In which that eccentric detective novelist Mrs Oliver is called in to organise a Murder Hunt at a village fete but she suspects all is not as it should be and so asks Hercule Poirot to make sense of her suspicions. All seems well at first until an unexpected murder takes place in the boathouse! Even though the victim provides Poirot a huge clue at first hand before their death, Poirot can’t see the wood for trees until the final few chapters, when all is explained. As usual, if you haven’t read the book yet, don’t worry, I promise not to reveal whodunit!
And if that sounds like the plot to Dead Man’s Folly, that’s because it is! Hercule Poirot and the Greenshore Folly was originally written to pay for a church window in the chancel of St Mary the Virgin in Churston Ferrers, the church where Christie worshipped. However, as John Curran explains in his excellent notes that accompany the book, Christie’s agents found it impossible to sell the manuscript! That was because it was neither short story nor novel, and didn’t fit into the market at the time. Undeterred, Christie wrote a new short story for the church window, the similarly named but completely different Greenshaw’s Folly, that was published in the UK in the collection The Adventure of the Christmas Pudding.
Writing Hercule Poirot and the Greenshore Folly was not wasted however, as Christie realised she could expand it into a full length novel, and that’s how Dead Man’s Folly was born. This “junior version” of the later novel wasn’t published in the UK until 2014, by Harper Collins, and with an introduction by the man with whom everyone associates Christie paperback covers, the artist Tom Adams, who died in 2019.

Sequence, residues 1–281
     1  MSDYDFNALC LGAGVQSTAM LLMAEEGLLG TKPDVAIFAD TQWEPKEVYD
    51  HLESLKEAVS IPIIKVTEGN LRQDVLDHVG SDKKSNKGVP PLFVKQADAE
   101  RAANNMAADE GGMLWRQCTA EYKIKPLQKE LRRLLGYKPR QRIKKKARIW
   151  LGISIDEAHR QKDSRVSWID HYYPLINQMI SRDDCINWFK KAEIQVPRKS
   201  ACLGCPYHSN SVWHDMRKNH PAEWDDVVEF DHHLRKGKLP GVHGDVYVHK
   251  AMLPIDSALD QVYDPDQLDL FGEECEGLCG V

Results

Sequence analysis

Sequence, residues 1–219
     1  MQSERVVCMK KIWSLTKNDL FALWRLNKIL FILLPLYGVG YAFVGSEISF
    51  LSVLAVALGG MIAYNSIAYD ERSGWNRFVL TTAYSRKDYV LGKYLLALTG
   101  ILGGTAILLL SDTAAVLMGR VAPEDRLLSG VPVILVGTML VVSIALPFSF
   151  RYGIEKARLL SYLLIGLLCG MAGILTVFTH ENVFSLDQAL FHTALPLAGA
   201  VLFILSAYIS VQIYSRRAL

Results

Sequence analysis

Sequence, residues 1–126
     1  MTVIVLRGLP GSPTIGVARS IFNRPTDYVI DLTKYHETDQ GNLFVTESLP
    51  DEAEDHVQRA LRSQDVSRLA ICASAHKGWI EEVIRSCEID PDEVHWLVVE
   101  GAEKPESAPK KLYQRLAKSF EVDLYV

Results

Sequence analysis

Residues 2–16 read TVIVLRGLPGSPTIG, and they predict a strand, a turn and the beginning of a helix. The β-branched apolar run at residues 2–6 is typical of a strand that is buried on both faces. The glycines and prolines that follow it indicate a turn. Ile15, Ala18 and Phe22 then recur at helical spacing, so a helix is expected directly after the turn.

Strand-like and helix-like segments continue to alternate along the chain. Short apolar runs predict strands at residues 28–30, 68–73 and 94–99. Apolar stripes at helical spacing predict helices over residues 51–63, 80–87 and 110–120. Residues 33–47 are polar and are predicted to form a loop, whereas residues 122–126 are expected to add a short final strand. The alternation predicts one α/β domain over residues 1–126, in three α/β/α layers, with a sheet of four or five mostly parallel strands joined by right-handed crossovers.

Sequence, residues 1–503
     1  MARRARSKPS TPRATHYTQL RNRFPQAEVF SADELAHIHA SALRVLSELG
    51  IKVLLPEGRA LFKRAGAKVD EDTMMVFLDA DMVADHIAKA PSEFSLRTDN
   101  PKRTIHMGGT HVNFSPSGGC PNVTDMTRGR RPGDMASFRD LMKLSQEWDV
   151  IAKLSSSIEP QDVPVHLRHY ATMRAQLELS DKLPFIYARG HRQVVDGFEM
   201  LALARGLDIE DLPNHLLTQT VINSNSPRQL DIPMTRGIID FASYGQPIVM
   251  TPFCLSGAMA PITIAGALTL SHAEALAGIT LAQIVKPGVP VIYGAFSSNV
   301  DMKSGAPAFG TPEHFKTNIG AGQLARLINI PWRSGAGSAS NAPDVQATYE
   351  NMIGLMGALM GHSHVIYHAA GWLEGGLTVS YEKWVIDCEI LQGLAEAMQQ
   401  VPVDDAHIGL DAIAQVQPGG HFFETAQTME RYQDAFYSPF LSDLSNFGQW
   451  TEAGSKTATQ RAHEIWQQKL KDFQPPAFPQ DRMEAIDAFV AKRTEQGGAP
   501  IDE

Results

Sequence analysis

If you have already read Dead Man’s Folly, then there is no reason (other than the purely academic exercise of comparing the two texts) to read Greenshore Folly. They tell precisely the same tale, with precisely the same clues, twists and surprises, and with precisely the same murderer. If you haven’t read either, jump straight to Dead Man’s Folly and don’t bother with the earlier version. Not that there’s anything wrong with it, it’s just the whole description of the detective investigation is much more sparse and less involving. If, in the unlikely event that you’ve read Greenshore Folly but not Dead Man’s Folly, wait a few years until you’ve completely forgotten the plot and the characters, and then read Dead Man’s Folly; it will come as a pleasant surprise.
Apart from a few extended conversations and some name/place name changes, both books are virtually identical up until the first murder. At that point, Dead Man’s Folly goes into much more rewarding detail about the detective procedure, whereas Greenshore Folly performs a short-cut and more or less jumps to the end.
Thematically, then, the book is on exactly the same lines as Dead Man’s Folly – so if you want to read more, please refer to my blog about it! The link is above. Like the fuller version, I think this deserves a 7/10.
We’re so very near the end of the Agatha Christie Challenge, gentle reader! All that remains is to consider five more short stories that have come to light in recent years. Four of them were printed in John Curran’s two excellent books; The Capture of Cerberus and The Incident of the Dog’s Ball in Agatha Christie’s Secret Notebooks, and Miss Marple and the Case of the Caretaker’s Wife and The Man Who Knew in Agatha Christie – Murder in the Making. Additionally, The Wife of the Kenite has been published in the collection Bodies from the Library, edited by Tony Medawar.
I’ll give them all a read shortly, and, as usual, I’ll blog my thoughts about them soon. In the meantime, please read them too then we can compare notes! Happy sleuthing!